Written by Ben Anderson for Alaskadispatch.com Photo Chan Anderson
The first time I tried to brew my own beer, I went down on a basic beer brewing kit from Arctic Brewing Supply with my roommates. For weeks, we diligently saved our beer bottles — this was before glass recycling was discontinued in Anchorage — in anticipation of enjoying 12 frosty ounces of our own homemade suds.
We spent one night thoroughly hand-washing about 60 bottles in preparation for our brewing session the next day. We bought a capper and plenty of bottle caps. Finally, we were ready to transfer the beer from the primary fermentation carboy into the bottles. We transferred the liquid gold into the first bottle, placed it under the capper, and pressed hard.
The cap wouldn’t seal.
We tried again. The cap seemed to be forming to the mouth of the bottle, but it just hung loosely from the top. Baffled, we began to inspect the top of the bottles for imperfections. Eventually, we realized that there was a big imperfection — all the bottles we’d washed originally held Alaskan Winter Ale, which comes in a screw-top bottle, not a pop-top. The threads were preventing a seal.
We panicked. Our dream of uniform bottles evaporated as we frantically washed all the pop-top bottles we had, from a variety of breweries, in a multitude of shapes and sizes. We got it all bottled, but the end result wasn’t great, and it certainly wasn’t very strong.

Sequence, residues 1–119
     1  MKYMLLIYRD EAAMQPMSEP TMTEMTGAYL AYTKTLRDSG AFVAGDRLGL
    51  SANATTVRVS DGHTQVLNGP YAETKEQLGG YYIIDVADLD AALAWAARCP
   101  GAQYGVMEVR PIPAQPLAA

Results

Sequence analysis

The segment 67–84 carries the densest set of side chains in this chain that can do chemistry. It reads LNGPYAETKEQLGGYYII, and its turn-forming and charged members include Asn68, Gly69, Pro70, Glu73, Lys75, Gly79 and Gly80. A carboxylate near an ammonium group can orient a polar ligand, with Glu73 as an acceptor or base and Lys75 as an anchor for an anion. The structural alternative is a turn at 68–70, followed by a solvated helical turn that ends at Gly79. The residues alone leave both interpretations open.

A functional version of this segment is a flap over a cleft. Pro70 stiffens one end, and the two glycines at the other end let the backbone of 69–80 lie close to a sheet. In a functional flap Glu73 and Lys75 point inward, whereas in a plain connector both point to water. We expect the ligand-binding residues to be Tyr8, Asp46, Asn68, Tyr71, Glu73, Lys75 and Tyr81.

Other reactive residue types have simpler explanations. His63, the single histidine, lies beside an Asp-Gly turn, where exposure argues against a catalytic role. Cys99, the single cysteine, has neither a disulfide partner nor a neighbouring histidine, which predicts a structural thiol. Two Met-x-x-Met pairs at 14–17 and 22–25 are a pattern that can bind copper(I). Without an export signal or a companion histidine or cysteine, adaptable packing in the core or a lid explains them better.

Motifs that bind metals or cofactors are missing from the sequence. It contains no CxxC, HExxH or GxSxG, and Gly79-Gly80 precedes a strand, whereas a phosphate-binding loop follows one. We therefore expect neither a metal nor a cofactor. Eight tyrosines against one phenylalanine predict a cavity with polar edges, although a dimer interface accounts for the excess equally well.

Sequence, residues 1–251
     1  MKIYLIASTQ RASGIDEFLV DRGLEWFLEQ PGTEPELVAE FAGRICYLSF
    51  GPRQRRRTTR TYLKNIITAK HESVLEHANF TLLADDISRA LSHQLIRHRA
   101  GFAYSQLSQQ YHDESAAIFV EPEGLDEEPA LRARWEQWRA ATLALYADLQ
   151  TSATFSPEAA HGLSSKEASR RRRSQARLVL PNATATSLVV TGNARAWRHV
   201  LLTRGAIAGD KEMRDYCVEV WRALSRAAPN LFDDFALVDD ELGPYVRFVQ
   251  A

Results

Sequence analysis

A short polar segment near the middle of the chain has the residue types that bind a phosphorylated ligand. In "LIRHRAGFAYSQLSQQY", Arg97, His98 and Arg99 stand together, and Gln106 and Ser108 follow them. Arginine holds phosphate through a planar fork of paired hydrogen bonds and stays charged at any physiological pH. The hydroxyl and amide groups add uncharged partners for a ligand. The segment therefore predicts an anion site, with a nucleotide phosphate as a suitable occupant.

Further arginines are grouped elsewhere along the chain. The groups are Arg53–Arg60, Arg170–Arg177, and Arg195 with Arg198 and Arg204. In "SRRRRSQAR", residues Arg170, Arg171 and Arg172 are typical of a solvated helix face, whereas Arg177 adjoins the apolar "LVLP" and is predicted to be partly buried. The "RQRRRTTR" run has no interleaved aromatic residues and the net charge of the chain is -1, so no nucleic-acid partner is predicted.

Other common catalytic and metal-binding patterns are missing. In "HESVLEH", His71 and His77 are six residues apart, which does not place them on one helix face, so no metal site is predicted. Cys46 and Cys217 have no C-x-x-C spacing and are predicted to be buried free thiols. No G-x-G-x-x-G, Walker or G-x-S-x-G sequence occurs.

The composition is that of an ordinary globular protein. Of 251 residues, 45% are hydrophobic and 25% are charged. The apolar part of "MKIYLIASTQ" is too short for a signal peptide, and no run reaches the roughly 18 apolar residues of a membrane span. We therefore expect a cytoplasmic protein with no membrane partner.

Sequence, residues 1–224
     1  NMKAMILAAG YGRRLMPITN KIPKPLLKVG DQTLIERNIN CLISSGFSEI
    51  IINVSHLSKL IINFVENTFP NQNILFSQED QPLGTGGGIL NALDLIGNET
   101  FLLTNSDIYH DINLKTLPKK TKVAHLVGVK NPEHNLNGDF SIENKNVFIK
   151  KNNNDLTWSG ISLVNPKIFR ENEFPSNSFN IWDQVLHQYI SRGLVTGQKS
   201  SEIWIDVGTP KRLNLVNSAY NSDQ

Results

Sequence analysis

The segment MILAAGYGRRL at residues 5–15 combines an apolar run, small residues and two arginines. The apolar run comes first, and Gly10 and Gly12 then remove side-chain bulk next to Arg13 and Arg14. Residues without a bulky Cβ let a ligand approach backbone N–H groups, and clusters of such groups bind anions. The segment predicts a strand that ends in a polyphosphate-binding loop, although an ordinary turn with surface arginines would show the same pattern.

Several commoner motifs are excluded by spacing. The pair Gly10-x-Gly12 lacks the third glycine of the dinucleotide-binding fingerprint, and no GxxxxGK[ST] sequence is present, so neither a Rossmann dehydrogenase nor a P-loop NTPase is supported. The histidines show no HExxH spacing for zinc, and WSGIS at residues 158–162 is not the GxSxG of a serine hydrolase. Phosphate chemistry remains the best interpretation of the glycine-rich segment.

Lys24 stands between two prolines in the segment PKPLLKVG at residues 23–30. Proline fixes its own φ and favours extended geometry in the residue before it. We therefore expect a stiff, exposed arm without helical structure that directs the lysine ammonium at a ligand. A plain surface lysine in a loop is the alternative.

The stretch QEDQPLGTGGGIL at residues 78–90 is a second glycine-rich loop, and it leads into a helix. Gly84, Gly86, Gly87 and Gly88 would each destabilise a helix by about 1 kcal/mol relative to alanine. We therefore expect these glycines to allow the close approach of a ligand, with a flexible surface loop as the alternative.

I tried again, of course, and one of my roommates still takes home-brewing very seriously (and is getting quite good at it). But nothing compares, to me, of going out and enjoying a new beer that surprises you with a subtle spice or a fervent kick.
Plenty of surprises are sure to be on tap at the Beer and Barley Wine Festival this weekend in Anchorage. This is always a popular event in Anchorage, and this 16th iteration of it is unlikely to disappoint.
This year’s festival features more than 270 beers, from more than 70 breweries, from locations as far-flung as the Czech Republic and Australia, as well as regions classically associated with beer, such as Belgium and Germany. Porters, pales, stouts, barley wines, IPAs, Belgians, and others that some will have never heard of will all be available.
A ticket will run you $35 ($42.50 with fees if you buy online) for each of the two general sessions on Friday and Saturday night, and $45 ($53 online) for the Saturday afternoon “Connoisseur Session,” which will feature some specialty beers not available during the general sessions. The purchase price includes a sample glass and allows the ticketholder 30 samples of their choosing. Proceeds from the festival will go to benefit the American Diabetes Association.
Fifteen local breweries will also be present, from the popular Anchorage-based Moose’s Tooth and Glacier Brewhouse to the Haines and Homer Brewing Companies and others, based out of Nikiski (Kassik’s), Talkeetna (Denali Brewing Co.), and Fox (Silver Gulch). Many of the local breweries are offering a half-dozen beers or more, so be sure to choose wisely.
“Drink judiciously and go forth with a strategy,” he writes. It’s good advice as you navigate the multitude of available options.
Another piece of advice from Roberts is worth taking even closer to the heart. “You’ve heard this countless times before,” he says, “but I’d be remiss if I didn’t beg you to drink responsibly.” We at Alaska Dispatch emphatically second this motion and encourage all attendees to get a designated driver, hire a cab, or carefully moderate themselves. Stay safe, Alaska!